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Workplace Review 11.1: The Employment Law News You Need

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The latest issue of Workplace Review, 11.1, demonstrates yet again why the journal is an essential item in the toolkit of any good industrial relations/employment law practitioner. It is rich with information, commentary, and analysis on the latest and most important developments in the field.

Three articles in this issue particularly stand out for their news value.

Dr Ryan Haddrick considers the significance of the High Court’s decision in WorkPac Pty Ltd v Rossato [2021] HCA 23 on the meaning of “casual employee”. Haddrick especially identifies the Court’s “look to the [employment] contract” approach for determining the nature of employment relationships. No bad thing in his view. He argues it is properly the place of Parliament, not the courts, to craft and improve upon employment rights.

Parliamentary action to ensure employees’ rights is a theme of Adam Searle MLC’s article: “Wage Theft: From Underpayments to Epidemic”.  Noting research that possibly around 1 million employed Australians are not paid their full entitlements “with many employers relying on underpaying wages and unpaid overtime”, Searle examines wage theft laws in Queensland and Victoria. With reference to NSW, Searle discusses how an effective “criminal law regime” for wage theft may operate, including by making wage theft an offence of strict liability rather than requiring intent.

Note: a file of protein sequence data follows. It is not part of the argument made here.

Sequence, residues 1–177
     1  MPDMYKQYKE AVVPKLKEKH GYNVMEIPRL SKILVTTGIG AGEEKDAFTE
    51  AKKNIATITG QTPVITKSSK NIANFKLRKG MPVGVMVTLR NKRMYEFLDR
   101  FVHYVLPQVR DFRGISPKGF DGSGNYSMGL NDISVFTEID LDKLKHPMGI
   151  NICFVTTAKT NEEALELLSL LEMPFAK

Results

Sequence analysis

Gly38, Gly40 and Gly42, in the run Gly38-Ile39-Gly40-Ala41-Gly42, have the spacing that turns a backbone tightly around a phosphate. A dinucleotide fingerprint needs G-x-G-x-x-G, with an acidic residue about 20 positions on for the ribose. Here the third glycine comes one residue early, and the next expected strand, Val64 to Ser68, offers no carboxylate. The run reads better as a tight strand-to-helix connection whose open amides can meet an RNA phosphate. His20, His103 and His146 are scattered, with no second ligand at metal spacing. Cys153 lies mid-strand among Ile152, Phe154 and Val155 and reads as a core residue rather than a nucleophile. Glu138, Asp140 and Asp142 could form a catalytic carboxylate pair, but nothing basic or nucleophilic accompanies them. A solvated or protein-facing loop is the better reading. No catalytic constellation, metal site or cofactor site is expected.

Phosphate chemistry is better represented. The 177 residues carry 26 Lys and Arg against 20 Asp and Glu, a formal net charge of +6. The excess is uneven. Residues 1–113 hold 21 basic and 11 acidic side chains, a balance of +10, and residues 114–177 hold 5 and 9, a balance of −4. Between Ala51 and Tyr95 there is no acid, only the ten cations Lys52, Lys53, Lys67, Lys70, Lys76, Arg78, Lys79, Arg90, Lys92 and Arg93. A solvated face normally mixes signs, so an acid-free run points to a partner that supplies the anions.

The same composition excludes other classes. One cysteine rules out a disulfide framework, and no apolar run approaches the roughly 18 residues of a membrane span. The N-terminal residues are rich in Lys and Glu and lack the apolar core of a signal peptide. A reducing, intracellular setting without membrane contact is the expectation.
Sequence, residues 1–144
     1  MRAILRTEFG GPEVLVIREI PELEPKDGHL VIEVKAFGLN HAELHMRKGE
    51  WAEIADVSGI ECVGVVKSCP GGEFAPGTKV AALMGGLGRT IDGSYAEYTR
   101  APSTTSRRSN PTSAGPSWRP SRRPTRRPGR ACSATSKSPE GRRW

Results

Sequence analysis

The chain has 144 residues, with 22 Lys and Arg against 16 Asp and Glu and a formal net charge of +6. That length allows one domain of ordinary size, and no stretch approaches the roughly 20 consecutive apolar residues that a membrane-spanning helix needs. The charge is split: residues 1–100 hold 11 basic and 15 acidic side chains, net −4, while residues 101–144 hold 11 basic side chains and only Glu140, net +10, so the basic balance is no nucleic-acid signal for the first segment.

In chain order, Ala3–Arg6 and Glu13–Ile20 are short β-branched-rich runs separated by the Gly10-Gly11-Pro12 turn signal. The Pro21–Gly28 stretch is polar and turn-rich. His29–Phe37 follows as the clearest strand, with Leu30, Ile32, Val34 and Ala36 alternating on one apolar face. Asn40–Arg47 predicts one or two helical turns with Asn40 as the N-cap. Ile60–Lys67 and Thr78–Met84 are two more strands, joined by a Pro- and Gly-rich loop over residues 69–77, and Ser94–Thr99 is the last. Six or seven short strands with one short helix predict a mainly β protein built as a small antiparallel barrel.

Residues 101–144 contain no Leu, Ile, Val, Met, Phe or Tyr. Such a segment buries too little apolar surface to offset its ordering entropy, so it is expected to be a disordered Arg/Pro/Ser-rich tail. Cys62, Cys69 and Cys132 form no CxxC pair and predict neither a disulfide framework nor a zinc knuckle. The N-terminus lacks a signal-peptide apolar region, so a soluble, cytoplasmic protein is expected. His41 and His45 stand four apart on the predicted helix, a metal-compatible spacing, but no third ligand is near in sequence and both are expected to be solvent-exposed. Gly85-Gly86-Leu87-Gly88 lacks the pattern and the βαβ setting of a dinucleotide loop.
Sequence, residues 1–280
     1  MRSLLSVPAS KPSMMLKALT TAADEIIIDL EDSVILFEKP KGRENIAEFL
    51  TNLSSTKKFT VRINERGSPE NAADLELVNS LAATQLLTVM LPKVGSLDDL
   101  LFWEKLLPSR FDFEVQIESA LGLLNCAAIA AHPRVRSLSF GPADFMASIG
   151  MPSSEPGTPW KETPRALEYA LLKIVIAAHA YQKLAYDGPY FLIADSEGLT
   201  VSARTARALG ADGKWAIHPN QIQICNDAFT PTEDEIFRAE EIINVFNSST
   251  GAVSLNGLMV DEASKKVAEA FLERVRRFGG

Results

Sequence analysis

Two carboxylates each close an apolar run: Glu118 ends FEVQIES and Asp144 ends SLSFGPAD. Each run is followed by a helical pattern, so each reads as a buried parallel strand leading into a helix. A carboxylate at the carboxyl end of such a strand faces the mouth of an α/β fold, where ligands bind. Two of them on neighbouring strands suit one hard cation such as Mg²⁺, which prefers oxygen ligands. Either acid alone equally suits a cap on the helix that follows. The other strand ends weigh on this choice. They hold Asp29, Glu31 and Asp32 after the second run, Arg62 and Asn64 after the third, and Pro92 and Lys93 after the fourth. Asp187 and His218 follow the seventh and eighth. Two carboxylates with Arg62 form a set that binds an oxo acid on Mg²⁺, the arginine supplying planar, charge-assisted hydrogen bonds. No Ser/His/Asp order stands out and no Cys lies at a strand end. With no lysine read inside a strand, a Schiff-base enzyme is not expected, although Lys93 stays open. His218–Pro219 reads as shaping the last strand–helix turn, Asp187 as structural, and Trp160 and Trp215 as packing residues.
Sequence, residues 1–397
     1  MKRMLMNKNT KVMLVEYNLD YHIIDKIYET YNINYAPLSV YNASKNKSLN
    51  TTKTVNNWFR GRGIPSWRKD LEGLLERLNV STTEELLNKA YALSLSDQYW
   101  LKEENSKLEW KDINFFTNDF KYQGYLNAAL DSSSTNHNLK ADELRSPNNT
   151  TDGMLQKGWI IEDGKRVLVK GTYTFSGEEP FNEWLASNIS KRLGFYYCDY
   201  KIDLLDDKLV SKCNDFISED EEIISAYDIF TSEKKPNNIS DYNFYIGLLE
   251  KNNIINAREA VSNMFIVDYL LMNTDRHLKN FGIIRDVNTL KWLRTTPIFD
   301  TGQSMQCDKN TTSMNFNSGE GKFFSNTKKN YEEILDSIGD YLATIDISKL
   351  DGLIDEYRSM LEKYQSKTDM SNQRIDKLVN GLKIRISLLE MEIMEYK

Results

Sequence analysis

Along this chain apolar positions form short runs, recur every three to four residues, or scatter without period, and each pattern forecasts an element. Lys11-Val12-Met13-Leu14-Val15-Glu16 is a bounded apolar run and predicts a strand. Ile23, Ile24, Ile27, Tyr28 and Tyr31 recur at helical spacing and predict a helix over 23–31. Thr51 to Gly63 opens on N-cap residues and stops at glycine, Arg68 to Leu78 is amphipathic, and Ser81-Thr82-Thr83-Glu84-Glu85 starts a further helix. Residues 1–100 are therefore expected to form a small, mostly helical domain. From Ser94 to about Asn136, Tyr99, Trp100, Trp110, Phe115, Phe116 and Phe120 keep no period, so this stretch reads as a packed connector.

In June this year, he introduced into the NSW Parliament the Crimes Amendment (Wage Theft) Bill 2021 (NSW).

The third article of note, by Virginia Ginnane, considers the implications of the Sex Discrimination and Fair Work (Respect at Work) Amendment Act 2021 (Cth). Arising in response to the Australian Human Rights Commission's, 2020 report, Respect@Work: National Inquiry into Sexual Harassment in Australian Workplaces, the Act puts employers on notice to have sexual harassment, gender equality and other relevant policies in place and to provide regular training for employees to guarantee the effectiveness of the extended protections provided by the Act.

The Act’s amendments also extend coverage of the Sex Discrimination Act 1984 (Cth) to Members of Parliament and their staff, Ginnane points out.

There is much else besides in the latest issue of Workplace Review, including its customary focus on the human dimension of IR/employment law, done with a light touch.

By Craig Ryan

Craig Ryan is a Portfolio Editor with the Legal Research team.

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